Previous month:
September 2005
Next month:
November 2005

Posts from October 2005

How can this be good in any way?

Apparently Barbie has decided to convert to Islam.

Fulla

I have no issues with Muslims any more than I have with most other patriarchal religions that enforce women's servitude through various means (i.e. stifling Choice, rigid codes of dress and behaviour you know the rest). 

And I just don't have the idea of a Creator in my everyday sphere of thinking (except maybe the Flying Spaghetti Monster, but that's because my first ever academic endorsement is published on his Noodley Goodness' site--you have to scroll down a bunch to see it).  However, I digress...

The cult of Barbie gives me the willies.  It's just the secular version of enforcing patriarchy in young girls.  Modest Head-covered version, or slutty, boobs that defy logic version, they're still telling girls what to aspire toward in their culture.  All for $19.95.  Accessories not included.


More Concealment

This post is lighter, I promise.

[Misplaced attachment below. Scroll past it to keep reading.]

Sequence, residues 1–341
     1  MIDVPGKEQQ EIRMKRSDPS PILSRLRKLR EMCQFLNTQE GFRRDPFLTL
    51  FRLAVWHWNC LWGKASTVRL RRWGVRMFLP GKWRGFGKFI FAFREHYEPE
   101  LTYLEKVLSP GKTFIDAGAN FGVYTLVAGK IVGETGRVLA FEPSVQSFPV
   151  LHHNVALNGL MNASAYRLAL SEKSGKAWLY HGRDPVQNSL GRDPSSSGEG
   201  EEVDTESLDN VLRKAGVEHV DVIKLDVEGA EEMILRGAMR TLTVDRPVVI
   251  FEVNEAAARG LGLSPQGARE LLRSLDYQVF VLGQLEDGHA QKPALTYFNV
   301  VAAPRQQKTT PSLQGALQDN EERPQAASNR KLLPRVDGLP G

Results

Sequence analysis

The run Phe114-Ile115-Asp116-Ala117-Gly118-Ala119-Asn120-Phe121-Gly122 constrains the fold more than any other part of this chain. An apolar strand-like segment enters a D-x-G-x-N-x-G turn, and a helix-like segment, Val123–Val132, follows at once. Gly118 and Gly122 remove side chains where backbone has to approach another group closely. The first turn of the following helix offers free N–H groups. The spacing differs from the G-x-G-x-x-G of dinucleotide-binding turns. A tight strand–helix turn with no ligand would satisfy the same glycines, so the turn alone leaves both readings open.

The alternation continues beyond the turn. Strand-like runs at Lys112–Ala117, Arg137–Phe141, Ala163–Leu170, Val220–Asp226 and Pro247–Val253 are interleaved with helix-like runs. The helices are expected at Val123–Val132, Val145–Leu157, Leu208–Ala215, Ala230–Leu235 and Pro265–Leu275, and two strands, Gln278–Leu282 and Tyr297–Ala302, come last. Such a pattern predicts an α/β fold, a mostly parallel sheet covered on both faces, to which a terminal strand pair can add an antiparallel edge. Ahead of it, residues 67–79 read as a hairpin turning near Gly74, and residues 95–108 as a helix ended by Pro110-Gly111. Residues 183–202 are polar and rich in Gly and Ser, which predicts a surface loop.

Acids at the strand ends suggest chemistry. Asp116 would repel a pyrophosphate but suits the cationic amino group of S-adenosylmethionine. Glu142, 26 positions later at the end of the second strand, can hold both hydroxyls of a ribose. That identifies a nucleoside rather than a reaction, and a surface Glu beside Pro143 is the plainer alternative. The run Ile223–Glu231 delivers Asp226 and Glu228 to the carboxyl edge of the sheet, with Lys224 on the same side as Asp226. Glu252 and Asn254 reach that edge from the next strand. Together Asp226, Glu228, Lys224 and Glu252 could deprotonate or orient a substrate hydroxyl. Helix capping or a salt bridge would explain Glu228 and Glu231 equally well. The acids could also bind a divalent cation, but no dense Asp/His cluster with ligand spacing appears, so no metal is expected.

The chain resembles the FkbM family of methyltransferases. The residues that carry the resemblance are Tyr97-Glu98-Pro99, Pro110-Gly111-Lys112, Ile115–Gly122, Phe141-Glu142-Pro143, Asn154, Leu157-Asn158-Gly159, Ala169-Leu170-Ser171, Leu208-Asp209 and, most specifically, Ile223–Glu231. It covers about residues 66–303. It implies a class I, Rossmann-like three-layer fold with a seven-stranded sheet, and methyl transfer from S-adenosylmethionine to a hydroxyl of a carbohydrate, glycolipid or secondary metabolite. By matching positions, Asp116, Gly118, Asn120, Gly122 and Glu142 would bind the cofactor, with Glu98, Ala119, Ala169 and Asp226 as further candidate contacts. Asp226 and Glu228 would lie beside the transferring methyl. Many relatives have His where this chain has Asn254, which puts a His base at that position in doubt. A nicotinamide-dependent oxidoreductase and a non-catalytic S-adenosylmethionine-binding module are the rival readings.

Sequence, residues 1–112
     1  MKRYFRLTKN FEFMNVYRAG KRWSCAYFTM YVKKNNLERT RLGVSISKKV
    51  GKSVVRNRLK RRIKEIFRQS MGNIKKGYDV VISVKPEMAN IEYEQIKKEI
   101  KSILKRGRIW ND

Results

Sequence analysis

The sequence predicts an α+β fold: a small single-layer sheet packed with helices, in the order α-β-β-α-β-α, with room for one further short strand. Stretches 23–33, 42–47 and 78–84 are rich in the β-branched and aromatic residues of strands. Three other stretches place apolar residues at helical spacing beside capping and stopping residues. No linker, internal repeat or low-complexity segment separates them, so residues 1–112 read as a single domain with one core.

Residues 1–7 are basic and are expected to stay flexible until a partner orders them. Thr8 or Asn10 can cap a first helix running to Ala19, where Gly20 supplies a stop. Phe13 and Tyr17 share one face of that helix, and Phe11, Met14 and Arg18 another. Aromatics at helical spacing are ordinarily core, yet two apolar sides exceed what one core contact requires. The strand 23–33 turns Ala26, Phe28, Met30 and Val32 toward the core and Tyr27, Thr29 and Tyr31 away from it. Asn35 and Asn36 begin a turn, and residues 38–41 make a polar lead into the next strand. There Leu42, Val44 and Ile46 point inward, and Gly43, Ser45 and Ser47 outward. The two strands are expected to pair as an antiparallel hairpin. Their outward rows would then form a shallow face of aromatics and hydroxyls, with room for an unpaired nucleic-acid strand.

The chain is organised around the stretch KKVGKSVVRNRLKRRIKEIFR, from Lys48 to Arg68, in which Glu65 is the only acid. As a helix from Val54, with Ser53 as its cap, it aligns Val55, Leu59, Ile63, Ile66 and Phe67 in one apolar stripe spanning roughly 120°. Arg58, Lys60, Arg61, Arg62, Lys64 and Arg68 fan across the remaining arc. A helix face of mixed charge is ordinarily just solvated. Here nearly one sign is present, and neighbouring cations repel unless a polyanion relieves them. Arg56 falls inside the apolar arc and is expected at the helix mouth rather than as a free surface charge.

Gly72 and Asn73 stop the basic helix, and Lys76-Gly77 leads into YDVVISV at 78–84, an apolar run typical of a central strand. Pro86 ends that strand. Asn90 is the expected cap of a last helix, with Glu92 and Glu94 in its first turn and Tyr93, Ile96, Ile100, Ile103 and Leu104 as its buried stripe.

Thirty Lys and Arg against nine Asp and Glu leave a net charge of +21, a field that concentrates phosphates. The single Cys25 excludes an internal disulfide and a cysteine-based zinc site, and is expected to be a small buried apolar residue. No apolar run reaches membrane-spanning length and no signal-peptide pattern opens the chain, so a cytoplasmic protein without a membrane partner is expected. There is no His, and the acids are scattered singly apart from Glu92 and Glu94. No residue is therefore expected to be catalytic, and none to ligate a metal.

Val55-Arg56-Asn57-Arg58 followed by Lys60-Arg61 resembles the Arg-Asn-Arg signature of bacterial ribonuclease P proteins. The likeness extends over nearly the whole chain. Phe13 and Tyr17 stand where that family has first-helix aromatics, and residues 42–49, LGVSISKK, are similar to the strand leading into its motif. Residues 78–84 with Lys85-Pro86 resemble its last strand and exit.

Why is it that knitting publications refuse to actually show you the garment they're encouraging you to knit?

I've been on the hunt for a knitted coat pattern ever since the entrelac coat debacle and this one from the latest Vogue Knitting might be a good choice.

Victorian5

Except I can't see the frickin' thing.  This photo (from the website) is much better than the one in the magazine, I can't tell how long it is, but the stitch pattern is like, how it fits or hangs, nothing.  I don't tend to like to knit things sight unseen.

Though I do rather like this one...


Discourses of Concealment

This week's lecture is on women's health in the media, focusing on breast cancer.  Media analysis of women's health is my THING so this week should be a fun class.  I chose breast cancer despite myself (or to spite myself) because I think it is area that has been way over done.  There are a bunch of media analyses of breast cancer and frankly I think academics have both contributed to and have been influenced by the breast cancer awareness raising and related pink ribboning that has consumed women's health discussions in the last decade.